Homework can often be an unpleasant thing to do. What child actively wants to come home after a day in school and continue with their studies? How can you help your kids with their homework?
Not every child will enjoy doing their homework, but thankfully, many will understand that it is just part and parcel of school life. However, while some children will be actively engaged and willing to do their homework, with very little effort, other children can struggle. There can be a variety of reasons for this. However, as a parent, often getting involved with your child when it comes to their homework can have a positive impact. So how can you help your kids with their homework? Here are some suggestions.
Discuss the homework and offer encouragement
Many schools will have a schedule when it comes to homework. For a primary school student, it may be alternate subjects once a week with spellings or reading practice. For a secondary school student, it will likely be a few different subjects with different deadlines. However, discussing the homework and offering encouragement can help your child feel happier doing it. Opening up the line of communication can be a vital step.
Talk about the subject and ask questions
Asking questions can help to encourage your child to open up about the homework they have. You could start by asking what they have, or for younger children checking their homework diary or school app. Talk about the subject and gauge a reaction. This might enable your child to open up and explain what they like, or in some cases dislike or struggle with when it comes to some subjects. This will give you an idea of how to help them or offer your guidance if they need it.
Reward the small successes
Encouragement is key when it comes to homework, after all, many children won’t be doing it out of choice. So rewarding the small successes can often be a great incentive for your children. With younger kids, it might be a reward of cartoons or screentime, for older children sometimes your words have great power and meaning. Rewarding the small successes can encourage your child to keep on going, even when they may be finding it hard.
Create a routine and be on hand to help
Another thing you can do would be to create a routine to help them establish time in their evening to dedicate to homework. Kids have things they want to do as well when they get home, perhaps playing online with their friends or being out in the garden on warm evenings. So having a routine can help them to know when it is time to do their work and allow you to be on hand to offer some help and advice.
Same time every day or week
It might be helpful to you and your child to have the same time every day or each week that you dedicate to homework. It is all about managing expectations sometimes with children, so if they know this is when they usually will be doing their homework then there is less conflict to get it done. It can also help you to be around at that time, just in case they need any help.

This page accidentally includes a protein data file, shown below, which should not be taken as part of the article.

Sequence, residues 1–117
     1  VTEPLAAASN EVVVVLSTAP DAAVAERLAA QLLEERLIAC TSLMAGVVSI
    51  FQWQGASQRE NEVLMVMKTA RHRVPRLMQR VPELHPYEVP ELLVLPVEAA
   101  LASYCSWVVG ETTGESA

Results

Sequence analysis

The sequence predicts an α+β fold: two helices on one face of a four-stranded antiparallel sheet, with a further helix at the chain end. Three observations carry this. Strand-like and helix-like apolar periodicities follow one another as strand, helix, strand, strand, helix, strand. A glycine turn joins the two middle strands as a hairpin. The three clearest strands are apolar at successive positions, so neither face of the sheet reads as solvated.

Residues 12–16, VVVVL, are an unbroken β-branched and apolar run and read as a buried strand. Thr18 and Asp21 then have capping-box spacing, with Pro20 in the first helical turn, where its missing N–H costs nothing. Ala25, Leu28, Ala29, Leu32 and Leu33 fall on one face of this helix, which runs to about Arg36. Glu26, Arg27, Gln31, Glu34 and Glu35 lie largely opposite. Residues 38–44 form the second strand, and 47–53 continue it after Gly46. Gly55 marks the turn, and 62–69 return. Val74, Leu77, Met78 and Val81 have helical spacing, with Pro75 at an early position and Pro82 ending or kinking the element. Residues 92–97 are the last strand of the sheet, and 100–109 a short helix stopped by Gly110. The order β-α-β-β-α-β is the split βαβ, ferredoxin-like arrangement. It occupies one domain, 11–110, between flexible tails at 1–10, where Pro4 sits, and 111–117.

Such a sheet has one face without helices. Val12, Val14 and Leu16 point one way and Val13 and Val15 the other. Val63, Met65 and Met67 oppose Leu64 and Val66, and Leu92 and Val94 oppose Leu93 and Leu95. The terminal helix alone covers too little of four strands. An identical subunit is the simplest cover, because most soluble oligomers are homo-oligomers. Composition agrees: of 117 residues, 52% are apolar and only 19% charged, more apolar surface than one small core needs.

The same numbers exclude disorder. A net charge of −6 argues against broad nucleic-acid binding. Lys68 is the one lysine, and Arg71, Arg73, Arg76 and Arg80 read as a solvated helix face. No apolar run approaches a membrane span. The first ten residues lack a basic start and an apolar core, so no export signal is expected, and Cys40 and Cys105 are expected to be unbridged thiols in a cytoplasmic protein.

Break it up so it isn’t overwhelming
A great way to help the homework be less overwhelming is to break it up. You can do that in terms of subjects for older children or in time for younger kids. It might be that you look at doing ten minutes each day for your little ones so that it doesn’t seem like such a big task. With older children who may have more to do, you could help them break it up by subject. Or even time slots can help them to manage the workload that they may have.
Do they have a place they can study?
It is important to try and create a place where they can study. An area where they can work easily and feel comfortable. Here are a few things to consider.
Some children do their homework in their bedroom, so getting them a desk could be a great way to encourage them more. If they feel able to comfortably do their work then they may be more inclined to get things done with little fuss. If they don’t have space for a desk having an area in the home with a table could be just as useful.
One of the biggest issues children have when it comes to their homework is distractions. The TV, radio, games consoles or mobile phones. So do your best to limit this where possible. Switch everything off, help your child get comfortable and in the right frame of mind.
Reading together can make a big impact
One of the best ways to increase confidence in academics is through reading. Again, not every child will enjoy reading or actively want to do it. So a great way to help is to read together. Take some time to listen to them read but also choose some books to read together. Read a page each and bring the stories to life. The more you do it, the more their confidence will grow.
Seek out outside help
Finally, if your child is struggling with a specific subject or generally not grasping their work, then it could be time to seek some outside help and support. Here are a few things you could consider.
Discuss with the teacher
One of the first things to do would be to discuss the issues with their teacher. The teacher will be in the best possible place to advise on the next steps or offer some advice on what you can do to help.
There are some great private tutors that you could enlist the help of. Most specialise in specific subjects and for particular ages ranges, so you are bound to find someone who will be perfect for your child and the things they might be struggling with. The great thing is that many work online making it much more accessible.
Educational apps are there to help in specific areas. Your school might recommend some apps that you can try, or seek out some online that have been reviewed or recommended.
Hopefully, these tips will help you help your kids with their homework.